In a Huge Victory, Britney Spears Gets the OK to Pick Her Own Attorney

The star’s chosen lawyer, Mathrew Rosengart, told a judge, “We will be filing as quickly as possible to get Mr. Spears removed from the conservatorship”
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UPDATE: JULY 14 — After hearing tearful testimony from Britney Spears via telephone, L.A. County Superior Court Judge Brenda Penny ruled today that the pop star can hire the attorney of her choice. That lawyer is Mathew Rosengart of Hollywood power firm Greenberg Traurig.

“I want to get my dad removed, ma’am,” Spears told Penny, according to a dispatch from The Hollywood Reporter. “I’m angry and I will go there.”

Rosengart—a powerhouse litigator and former federal prosecutor—indicated that he and his team will be rigorous in their efforts to get Spears out of a 13-year conservatorship that’s resulted in the star’s father, Jamie Spears, wielding control over her life and finances.

“We will be filing as quickly as possible to get Mr. Spears removed from the conservatorship,” Rosengart said. “If he loves his daughter it is time to step aside and move on so she can have her life back.”

Rosengart also indicated that they’ll look into the arrangement’s origins, saying, “We have questions if this was even the proper forum back in 2008.”

A day prior to Wednesday’s hearing, the ACLU filed an amicus brief arguing in favor of Britney being able to select her own legal counsel. Zoë Brennan-Krohn, staff attorney for the ACLU’s Disability Rights Project, said in a statement, “Britney Spears has said that she wants to pick her own lawyer and the court should respect that wish.”


JULY 13, 2021 — The American Civil Liberties Union is officially Team #FreeBritney. The ACLU and the ACLU Foundation of Southern California announced Tuesday that the organizations filed an amicus brief with the Superior Court of Los Angeles County to support Spears’s right to choose her own lawyer as she fights to end her 13-year conservatorship.

The ACLU said in a statement that the amicus brief “argues that the right to choose one’s own attorney is a core element of the Sixth Amendment right to counsel, and people under a conservatorship should be able to retain this right.”

The brief—which was also signed by 25 disability and civil rights groups, including Disability Rights California, the National Resource Center for Supported Decision-Making, and the Autistic Self-Advocacy Network—further urges the court “to ensure Spears has access to assistance and tools, including supported decision-making, to make this choice.”

In announcing its decision, the ACLU pointed to the pop star’s June 23 hearing, during which Spears called the conservatorship “abusive” and described being forced to tour, put on medications against her will, and stripped of agency to the point that she has been unable to get married or have more children.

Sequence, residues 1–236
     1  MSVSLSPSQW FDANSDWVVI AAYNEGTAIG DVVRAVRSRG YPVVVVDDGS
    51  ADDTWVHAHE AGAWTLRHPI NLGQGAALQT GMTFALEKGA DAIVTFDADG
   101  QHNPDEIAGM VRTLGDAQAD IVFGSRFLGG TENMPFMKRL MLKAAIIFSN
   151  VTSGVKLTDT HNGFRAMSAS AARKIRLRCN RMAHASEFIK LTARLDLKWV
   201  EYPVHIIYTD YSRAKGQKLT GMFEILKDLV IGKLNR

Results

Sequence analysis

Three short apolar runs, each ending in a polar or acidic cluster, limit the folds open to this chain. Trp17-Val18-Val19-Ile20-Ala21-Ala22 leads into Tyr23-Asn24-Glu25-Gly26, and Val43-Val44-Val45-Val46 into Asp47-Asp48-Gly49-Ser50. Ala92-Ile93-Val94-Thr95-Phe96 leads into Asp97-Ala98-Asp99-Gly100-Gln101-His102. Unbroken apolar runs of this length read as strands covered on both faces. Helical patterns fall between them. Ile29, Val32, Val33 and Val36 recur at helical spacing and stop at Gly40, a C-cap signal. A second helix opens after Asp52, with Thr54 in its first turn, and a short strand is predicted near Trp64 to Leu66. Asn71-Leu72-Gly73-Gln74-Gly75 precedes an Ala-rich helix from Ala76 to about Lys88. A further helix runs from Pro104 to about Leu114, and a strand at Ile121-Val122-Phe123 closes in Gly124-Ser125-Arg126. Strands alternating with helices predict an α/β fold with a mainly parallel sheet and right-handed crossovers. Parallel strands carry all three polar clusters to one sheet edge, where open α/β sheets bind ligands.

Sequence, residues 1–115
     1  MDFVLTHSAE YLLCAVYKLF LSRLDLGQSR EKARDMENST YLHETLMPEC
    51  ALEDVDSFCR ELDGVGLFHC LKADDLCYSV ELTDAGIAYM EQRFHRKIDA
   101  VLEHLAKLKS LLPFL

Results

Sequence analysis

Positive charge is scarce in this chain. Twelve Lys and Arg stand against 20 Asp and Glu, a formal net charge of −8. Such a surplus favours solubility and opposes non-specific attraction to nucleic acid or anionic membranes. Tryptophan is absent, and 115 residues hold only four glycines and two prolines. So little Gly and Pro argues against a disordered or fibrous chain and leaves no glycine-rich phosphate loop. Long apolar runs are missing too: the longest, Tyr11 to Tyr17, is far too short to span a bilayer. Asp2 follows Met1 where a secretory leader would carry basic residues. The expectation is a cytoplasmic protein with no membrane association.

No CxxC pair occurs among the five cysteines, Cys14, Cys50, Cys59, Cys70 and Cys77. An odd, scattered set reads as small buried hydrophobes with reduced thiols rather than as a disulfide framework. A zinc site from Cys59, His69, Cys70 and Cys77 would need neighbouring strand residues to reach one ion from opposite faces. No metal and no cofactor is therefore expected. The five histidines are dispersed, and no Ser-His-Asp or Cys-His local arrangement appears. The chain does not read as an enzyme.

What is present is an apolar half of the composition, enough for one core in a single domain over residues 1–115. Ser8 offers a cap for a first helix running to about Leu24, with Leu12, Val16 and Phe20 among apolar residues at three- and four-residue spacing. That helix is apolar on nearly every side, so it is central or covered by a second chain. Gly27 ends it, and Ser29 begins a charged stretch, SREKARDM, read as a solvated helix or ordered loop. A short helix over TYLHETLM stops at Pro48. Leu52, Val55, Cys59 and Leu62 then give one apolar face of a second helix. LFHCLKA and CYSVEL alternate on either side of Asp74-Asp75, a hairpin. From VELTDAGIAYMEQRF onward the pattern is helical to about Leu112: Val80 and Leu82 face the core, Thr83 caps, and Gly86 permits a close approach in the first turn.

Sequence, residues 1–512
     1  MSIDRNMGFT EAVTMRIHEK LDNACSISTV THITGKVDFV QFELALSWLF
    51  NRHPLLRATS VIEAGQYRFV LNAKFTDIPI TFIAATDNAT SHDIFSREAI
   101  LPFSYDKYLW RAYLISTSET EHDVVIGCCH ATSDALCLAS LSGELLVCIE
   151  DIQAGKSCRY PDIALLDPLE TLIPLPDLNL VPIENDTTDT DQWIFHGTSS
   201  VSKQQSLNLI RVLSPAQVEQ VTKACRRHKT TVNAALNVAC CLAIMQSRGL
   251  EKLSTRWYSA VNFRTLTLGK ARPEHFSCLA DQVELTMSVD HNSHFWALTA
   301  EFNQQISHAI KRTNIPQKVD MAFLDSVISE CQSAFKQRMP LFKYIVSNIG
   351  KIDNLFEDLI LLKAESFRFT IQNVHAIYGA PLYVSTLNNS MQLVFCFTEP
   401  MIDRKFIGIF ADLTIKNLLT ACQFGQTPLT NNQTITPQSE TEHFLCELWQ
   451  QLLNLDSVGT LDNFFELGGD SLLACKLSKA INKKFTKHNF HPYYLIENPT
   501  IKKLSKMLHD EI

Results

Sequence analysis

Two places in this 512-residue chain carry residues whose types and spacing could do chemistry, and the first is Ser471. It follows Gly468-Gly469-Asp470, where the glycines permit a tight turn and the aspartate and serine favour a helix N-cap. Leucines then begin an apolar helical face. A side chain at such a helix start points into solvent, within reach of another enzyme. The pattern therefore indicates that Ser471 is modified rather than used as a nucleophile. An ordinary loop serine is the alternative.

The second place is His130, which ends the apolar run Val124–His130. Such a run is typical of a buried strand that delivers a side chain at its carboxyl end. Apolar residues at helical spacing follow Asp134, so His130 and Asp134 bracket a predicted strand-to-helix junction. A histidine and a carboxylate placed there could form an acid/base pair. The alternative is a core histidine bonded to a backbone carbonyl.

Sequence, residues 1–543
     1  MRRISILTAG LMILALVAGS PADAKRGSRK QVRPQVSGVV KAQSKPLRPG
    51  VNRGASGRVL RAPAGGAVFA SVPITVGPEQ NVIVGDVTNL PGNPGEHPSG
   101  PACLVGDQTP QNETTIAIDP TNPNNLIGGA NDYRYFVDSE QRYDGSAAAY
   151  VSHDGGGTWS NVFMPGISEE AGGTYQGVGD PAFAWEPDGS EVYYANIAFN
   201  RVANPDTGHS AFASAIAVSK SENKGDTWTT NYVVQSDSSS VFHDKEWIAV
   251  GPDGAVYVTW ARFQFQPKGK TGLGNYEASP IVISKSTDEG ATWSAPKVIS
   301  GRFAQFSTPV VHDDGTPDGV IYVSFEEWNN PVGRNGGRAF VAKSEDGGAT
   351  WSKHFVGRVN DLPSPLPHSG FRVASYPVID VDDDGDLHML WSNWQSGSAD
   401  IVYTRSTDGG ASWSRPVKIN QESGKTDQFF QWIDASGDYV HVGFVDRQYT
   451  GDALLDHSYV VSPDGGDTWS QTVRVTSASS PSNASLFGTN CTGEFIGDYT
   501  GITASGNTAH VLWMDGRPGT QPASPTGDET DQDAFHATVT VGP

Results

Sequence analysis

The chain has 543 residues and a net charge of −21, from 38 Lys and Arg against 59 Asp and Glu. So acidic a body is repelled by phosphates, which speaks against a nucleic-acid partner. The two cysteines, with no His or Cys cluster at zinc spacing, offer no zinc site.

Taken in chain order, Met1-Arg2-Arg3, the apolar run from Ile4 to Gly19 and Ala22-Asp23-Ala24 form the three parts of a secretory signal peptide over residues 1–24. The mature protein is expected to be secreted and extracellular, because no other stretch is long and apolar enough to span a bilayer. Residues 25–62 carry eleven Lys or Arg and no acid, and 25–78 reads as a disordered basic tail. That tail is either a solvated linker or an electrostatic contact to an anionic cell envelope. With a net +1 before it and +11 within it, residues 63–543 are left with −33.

“Not only did my family not do a goddamn thing,” a defiant Spears told the court, “my dad was all for it.”

Spears’s attorney, Samuel D. Ingham III, resigned after Britney’s bombshell testimony, but Spears has complained on more than one occasion that her father, Jamie Spears, controls most aspects of her life and affairs.

Zoë Brennan-Krohn, staff attorney for the ACLU’s Disability Rights Project, said in a statement, “Britney Spears has said that she wants to pick her own lawyer and the court should respect that wish. The court should ensure Spears has access to the tools she needs to make that choice meaningfully and to hire someone she trusts to advocate for her stated goal: to get out of her conservatorship. Spears’s right to select an attorney is not only a basic tenet of the Sixth Amendment right to counsel, but also consistent with principles of personal autonomy and agency. The California Superior Court must recognize Spears’s autonomy and the rights of people with disabilities to live independent, self-directed lives as active members of their communities.”

The group also offered to assist Spears in selecting a new attorney.

“Britney’s superstardom and wealth make this an atypical case, but she has described serious infringements on her civil liberties and dignity that are all too typical for people living under conservatorships and guardianships,” Amanda Goad, Audrey Irmas director of the LGBTQ, Gender & Reproductive Justice Project at the ACLU SoCal, said. “It’s not just about Britney. We hope that offering supported decision-making to Britney Spears can serve as a model in other cases, because all people living with disabilities or under conservatorship deserve an opportunity to make their own informed choices.”


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